who ... moi?

a social butterfly: scared of much, but not of many. never lets the truth get in the way of a good story. not a fan of acronyms, snakes and angelina jolie. a HUGE fan of Fathead.

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Monday, November 15, 2010

the temples of angkor

just outside of siem reap lies the world’s largest religious site, and one of the most awe-inspiring ruins of human history . 

the temples of angkor.

what remains of  “the city” (or angkor) hides in the depths of forested hills and tangles of vine. 

the entire collection of temples has now been sectioned off – a sanctuary in which no modern day life is allowed to aid the decay and inevitable disintegration of these incredible structures.

within this UNESCO world heritage site, rests more than 1000 points of worship – the scale of which varies from a humble shrine of stone, to the largest individual religious monument  on earth (angkor wat).

it’s modern history is as fascinating as it’s ancient one:

right up until end of the 19th century, the giant beauty lay hid, deep beneath the cover of lush forest.  only in 1907 did a team of french archaeologists begin the restoration which would last right up to 1970.

thankfully, during cambodia’s civil war, the temples of angkor were of the very few parts of cambodian heritage that was spared from the khmer rouge’s destruction.

restoration resumed post the end of this devastating time, and has continued ever since with an international collaboration of roleplayers – thanks to whom, we are now able to visit, explore, worship and be inspired by one of man’s greatest structural homages.

only a few years ago, researchers found that angkor was the biggest city in the world (prior to the industrial revolution) occupying an intricately structured space of 1000 square kilometers. 

the only other historical site that can come close to measuring up to angkor is tikal (the mayan city in guatemala) and that only measures in at 150 square kilometers. 

comparatively in today’s world, angkor is said to approach the size of los angeles and dwarf the island of manhattan seventeen times over.

while the sheer enormity of the site is impressive, it’s the magical, mystical magnificence of the architecture that draws more than 2 million people to the temples of angkor, every year.

how long one chooses to spend here, depends entirely on time, budget and a personal interest in the detail and history behind each site.  the permits range from 1, 3 or 7 days and some visitors have been known to utilize the full week, and then renew their pass.  

for us,  1 day was plenty of time and allowed us a leisurely exploration through the main temples we’d selected.

we used the 1 days pass across two dates, watching the sun set on the first evening, and then entering the temples at 5am in order to catch it rise again, the following day.  before the sun brought colour to the day, we waded blindly through a dense darkness – the surrounding forests soundly asleep.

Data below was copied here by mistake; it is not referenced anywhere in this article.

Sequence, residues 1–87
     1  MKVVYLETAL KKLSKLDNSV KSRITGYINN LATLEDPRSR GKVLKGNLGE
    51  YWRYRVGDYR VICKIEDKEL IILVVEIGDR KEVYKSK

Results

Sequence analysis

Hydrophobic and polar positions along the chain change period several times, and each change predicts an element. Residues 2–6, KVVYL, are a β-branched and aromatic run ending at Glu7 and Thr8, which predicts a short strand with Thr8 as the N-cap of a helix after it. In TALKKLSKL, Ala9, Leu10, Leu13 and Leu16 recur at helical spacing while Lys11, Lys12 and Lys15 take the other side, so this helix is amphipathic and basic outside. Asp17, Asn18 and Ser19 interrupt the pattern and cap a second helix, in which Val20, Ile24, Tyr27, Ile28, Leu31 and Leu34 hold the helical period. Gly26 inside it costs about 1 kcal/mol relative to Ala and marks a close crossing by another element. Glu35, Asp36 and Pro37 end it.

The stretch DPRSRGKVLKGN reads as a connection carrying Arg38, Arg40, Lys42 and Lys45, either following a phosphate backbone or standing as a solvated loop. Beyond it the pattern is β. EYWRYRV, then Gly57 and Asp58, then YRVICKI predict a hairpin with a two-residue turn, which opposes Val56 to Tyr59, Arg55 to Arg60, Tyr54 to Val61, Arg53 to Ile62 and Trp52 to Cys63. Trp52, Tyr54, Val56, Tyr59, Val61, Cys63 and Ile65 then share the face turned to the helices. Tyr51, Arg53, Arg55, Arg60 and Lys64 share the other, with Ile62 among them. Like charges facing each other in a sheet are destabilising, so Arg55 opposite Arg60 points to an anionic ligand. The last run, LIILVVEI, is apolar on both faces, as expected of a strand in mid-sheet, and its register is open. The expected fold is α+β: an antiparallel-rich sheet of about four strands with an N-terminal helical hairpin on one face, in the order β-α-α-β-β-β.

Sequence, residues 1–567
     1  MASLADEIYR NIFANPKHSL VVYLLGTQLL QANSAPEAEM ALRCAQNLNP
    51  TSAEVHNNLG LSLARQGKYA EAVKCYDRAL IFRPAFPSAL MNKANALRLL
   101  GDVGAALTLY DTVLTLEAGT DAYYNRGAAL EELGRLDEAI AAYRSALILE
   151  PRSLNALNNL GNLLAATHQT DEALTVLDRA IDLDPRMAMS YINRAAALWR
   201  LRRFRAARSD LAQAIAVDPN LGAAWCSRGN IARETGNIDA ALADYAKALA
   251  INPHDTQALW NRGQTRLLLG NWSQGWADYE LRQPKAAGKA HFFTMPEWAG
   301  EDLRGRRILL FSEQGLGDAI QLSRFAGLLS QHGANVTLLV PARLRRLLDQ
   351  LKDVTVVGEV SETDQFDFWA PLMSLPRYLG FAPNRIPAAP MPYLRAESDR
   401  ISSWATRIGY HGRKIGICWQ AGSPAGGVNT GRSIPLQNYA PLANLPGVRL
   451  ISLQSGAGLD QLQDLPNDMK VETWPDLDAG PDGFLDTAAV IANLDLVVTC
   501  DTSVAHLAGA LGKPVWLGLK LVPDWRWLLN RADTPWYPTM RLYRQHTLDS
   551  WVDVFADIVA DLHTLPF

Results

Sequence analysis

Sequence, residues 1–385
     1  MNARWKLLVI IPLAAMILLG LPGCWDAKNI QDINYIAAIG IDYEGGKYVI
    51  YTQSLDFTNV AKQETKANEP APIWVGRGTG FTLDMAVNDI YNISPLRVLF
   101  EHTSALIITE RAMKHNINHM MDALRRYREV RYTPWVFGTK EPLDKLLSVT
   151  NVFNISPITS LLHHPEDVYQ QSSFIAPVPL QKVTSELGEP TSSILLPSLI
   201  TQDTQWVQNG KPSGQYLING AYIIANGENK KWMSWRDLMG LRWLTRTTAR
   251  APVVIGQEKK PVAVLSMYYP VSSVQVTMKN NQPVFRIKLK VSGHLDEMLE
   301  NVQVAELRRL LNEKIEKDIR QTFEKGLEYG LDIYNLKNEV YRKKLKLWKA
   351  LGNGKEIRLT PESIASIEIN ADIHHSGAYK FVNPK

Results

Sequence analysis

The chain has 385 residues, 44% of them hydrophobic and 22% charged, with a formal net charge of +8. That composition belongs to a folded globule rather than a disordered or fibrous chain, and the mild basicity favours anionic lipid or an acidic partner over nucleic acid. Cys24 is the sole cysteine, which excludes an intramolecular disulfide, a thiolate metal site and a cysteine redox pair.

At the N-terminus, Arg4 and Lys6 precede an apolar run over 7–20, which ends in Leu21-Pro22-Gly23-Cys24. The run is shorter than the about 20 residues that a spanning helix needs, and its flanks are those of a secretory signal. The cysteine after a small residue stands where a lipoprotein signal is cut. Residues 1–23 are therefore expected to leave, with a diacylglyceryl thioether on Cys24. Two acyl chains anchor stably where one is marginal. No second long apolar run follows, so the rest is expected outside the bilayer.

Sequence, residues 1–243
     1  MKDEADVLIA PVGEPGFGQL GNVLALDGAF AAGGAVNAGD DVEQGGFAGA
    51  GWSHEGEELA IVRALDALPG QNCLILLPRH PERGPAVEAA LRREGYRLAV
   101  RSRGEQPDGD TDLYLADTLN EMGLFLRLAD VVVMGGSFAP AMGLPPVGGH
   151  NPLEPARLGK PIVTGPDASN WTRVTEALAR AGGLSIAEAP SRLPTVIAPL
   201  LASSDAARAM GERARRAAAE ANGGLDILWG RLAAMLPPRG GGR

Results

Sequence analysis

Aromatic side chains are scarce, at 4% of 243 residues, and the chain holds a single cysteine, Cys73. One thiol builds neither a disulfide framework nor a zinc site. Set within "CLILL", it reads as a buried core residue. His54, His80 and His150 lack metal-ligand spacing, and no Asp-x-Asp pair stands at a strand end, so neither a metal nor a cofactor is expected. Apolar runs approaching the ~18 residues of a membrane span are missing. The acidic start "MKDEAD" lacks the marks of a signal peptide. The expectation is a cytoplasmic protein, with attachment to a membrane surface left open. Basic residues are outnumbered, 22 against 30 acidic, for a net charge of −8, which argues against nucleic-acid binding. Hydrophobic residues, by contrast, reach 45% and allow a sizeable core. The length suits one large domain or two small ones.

like pilgrims we waited for that moment of “enlightenment” as the sun began to light up a land beyond the horizon.  slowly, steadily the morning came – and before us, emerging first in silhouetted shapes and then suddenly in intricate detail – angkor wat appeared. 

being there in the flesh is quite a surreal experience.  the silence of eons passed is thick in the air.  modern visitors keep humbly quiet as a sign of respect to a civilization who knew so much, who fought without fear, who conquered and thrived and finally, were destroyed.

i felt a great sense of abandonment inside the hollow hallways, empty chambers and staircases that no longer led to anywhere.  yet,  exploring the intricacies of enormous stone carvings with my  fingertips, i imagined  a connection to these people, an understanding of their lives.

three highlights of our visit were the famous angkor wat, the bayon and ta prohm.

while it pains me to make this tacky connection, it does help to gain a mental image of these spaces – so those of you born pre 90’s may recall that an indiana jones and lara croft: tomb raider were both filmed at some of these sites.

ta prohm – by far my favorite.
a place of utter wonderment and mystery.

to fathom how such ancient trees managed to sprout on top of these enormous walls, their bulbous roots spilling down the sides, is damn near impossible.

but if you could get close to it, you’d grasp an understanding of how old the ruin is  – you’d imagine a whole lifetime prior to these trees which now sprawl like hungry creeper vines along the temple walls.
you’d imagine a world alive – when these walls were filled with worshippers, not ghosts and moss.
you’d imagine a falling seed, and the rains and winds and warmth that would have colluded to germinate the seed to a tree.
and then you’d imagine a centuries of growth – of stretching higher, swelling wider, reaching further, weighing down and down and down onto this already crumbling mass of stone.
and if you got to that point to imagining – you’d understand just why I will worship this temple, forever.

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